Jenn McCreary, Joe Milutis, and Leonard Schwartz (the latter two traveling from the state of Washington) joined Al Filreis at the Kelly Writers House to discuss a poem/audiotext created by the radical Scottish poet Tom Leonard. The piece is part of a work called “Three Texts for Tape,” which was recorded by Leonard at his home in Glasgow in 1978 on the poet’s TEAC A-3340S reel-to-reel tape deck. The part of the project discussed in this episode of PoemTalk is “Shelley’s ‘Revolt of Islam.’”
Mail received the other day from Joe Milutis, who Skyped into my William Carlos Williams class to talk about Paterson and the work he’s been doing on the impressively audio-rich and intertextual blog New Jersey as an Impossible Object.
I've been thinking lately about Obama's first (first — “first,” you see I’ve said it) inaugural. His choices evince both range and constraint: Pete Seeger, Aretha Franklin, John Williams, Elizabeth Alexander. I'm reminded that at the blog Last Exit Joe Milutis gave Elizabeth Alexander's inaugural poem a positive review. To start, he quoted William Carlos Williams as follows: “You’re not putting sugar on cake. You’re building!” Re-reading this review has gotten me thinking about Obama's centrism in general, its problems and possibilities.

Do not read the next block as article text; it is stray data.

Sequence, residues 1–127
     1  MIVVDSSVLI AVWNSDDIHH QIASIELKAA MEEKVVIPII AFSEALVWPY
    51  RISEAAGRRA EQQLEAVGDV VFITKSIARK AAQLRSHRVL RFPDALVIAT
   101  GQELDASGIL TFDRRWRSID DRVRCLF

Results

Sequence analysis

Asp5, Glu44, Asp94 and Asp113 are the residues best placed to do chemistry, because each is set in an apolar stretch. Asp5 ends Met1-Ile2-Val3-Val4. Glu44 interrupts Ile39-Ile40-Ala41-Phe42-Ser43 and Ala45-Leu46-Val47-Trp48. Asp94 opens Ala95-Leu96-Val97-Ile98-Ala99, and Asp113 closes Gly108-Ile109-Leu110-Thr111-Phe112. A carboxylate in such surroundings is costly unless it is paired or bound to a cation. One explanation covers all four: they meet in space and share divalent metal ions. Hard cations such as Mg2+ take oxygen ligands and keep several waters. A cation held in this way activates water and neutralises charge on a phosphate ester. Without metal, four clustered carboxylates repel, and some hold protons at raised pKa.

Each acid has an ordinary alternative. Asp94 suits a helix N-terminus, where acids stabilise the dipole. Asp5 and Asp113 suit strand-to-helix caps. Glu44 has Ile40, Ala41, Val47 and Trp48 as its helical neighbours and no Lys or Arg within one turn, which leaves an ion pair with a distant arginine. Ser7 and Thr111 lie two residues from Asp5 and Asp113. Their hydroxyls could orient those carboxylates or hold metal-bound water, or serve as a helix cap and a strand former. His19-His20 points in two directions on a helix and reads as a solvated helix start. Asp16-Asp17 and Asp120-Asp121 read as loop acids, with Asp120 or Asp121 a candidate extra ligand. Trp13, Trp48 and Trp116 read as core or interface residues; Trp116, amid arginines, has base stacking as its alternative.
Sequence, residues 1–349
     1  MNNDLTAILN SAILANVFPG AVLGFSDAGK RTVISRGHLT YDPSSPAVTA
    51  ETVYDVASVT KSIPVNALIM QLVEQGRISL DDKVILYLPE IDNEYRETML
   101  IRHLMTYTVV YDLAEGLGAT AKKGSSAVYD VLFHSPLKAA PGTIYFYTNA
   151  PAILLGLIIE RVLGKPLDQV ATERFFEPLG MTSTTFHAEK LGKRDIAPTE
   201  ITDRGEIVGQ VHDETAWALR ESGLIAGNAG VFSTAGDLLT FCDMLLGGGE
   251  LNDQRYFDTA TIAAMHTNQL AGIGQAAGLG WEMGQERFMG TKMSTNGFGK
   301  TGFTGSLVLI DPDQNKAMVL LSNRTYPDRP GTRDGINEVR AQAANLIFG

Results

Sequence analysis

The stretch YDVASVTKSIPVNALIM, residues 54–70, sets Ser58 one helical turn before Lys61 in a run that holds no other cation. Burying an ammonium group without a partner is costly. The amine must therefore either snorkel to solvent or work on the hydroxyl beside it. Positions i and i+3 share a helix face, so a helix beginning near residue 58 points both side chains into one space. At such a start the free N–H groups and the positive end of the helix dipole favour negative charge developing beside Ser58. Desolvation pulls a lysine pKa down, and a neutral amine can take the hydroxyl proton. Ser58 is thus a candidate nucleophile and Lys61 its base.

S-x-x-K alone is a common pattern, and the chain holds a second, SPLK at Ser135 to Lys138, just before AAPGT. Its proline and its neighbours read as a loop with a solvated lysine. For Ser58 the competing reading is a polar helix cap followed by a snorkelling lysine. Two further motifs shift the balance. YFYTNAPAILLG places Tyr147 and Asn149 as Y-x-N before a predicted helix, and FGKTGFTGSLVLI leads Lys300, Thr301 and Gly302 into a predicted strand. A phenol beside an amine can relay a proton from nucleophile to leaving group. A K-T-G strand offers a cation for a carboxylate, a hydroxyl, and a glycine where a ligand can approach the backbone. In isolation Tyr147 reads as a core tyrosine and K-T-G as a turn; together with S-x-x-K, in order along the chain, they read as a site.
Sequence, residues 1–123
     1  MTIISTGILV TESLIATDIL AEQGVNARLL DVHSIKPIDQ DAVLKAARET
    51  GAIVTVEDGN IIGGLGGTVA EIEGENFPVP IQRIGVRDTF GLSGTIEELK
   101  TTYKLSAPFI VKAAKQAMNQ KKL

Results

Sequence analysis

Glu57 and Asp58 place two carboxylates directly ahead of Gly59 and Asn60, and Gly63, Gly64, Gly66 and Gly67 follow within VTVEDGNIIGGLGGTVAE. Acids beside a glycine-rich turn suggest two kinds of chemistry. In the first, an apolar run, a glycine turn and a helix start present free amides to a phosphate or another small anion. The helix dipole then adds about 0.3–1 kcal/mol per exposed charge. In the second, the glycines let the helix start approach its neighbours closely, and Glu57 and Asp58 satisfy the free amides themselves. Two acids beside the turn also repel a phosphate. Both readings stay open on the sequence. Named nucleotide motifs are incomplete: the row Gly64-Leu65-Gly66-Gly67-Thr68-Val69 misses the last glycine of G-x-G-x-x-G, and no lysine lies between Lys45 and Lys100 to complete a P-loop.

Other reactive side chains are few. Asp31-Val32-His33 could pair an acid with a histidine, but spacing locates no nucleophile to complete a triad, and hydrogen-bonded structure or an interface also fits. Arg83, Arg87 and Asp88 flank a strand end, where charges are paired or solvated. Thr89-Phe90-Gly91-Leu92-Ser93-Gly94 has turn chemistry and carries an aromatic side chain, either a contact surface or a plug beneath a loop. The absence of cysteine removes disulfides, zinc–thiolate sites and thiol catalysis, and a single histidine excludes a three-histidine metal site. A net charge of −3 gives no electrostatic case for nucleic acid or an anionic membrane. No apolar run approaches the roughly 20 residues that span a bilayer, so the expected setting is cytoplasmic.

Obama once said this: “A good compromise, a good piece of legislation, is like a good sentence.”
Joe Milutis came in from Seattle for this session, and met up with Zack Pieper (wandering eastward from Milwaukee), drove down from northeastern Pennsylvania together and joined Al Filreis, our host, and Erica Kaufman (training southwest from New York) at the Writers House, where it was time to consider a poem that is either specifically about a postage-stamp-sized offbeat haven (the lower East Side of New York of a certain era) or generally about the whole America from which indeed our PoemTalkers gathered. Well, probably both.
Joe calls Alice Notley’s “I the People” a poem writing out the “agon in American culture.” Zack speculates on why Notley was embarrassed by the title (a remark she makes in introducing it): it’s “a gentle parody,” Zack offers, “of the way political language abstracts things,” but troubling is the general over-use (especially on the Left) of the term “the people” in particular. Al ponders the possibly unambiguous skeptical politics of the title (overt): the title, he contends, is red meat for those who want to see leftist politics here, but the body of the poem is less obviously in the liberal-left rhetorical tradition of talk about democratic rights.
For Zack this is a poem full of things people think when they are walking around during the day, but the result is not mundane. On the contrary, it has a mystical quality. Later, following from this, Erica offers her ideas on how this poem might be taught under the rubric of the New York School of poetry. But right away Erica says its “walking around”-ness is an aspect of the poem she particularly likes: a glimpse at routine thoughts while at the same time a political commentary on the possessive and on the subject.
“I the People” is a poem that makes one wonder: Which comes first in American democracy, the “I” or the “we”? Joe notes that while these are “the two ends of the problem,” the vast middle ground between “I” and “we” is both intimate and fraught.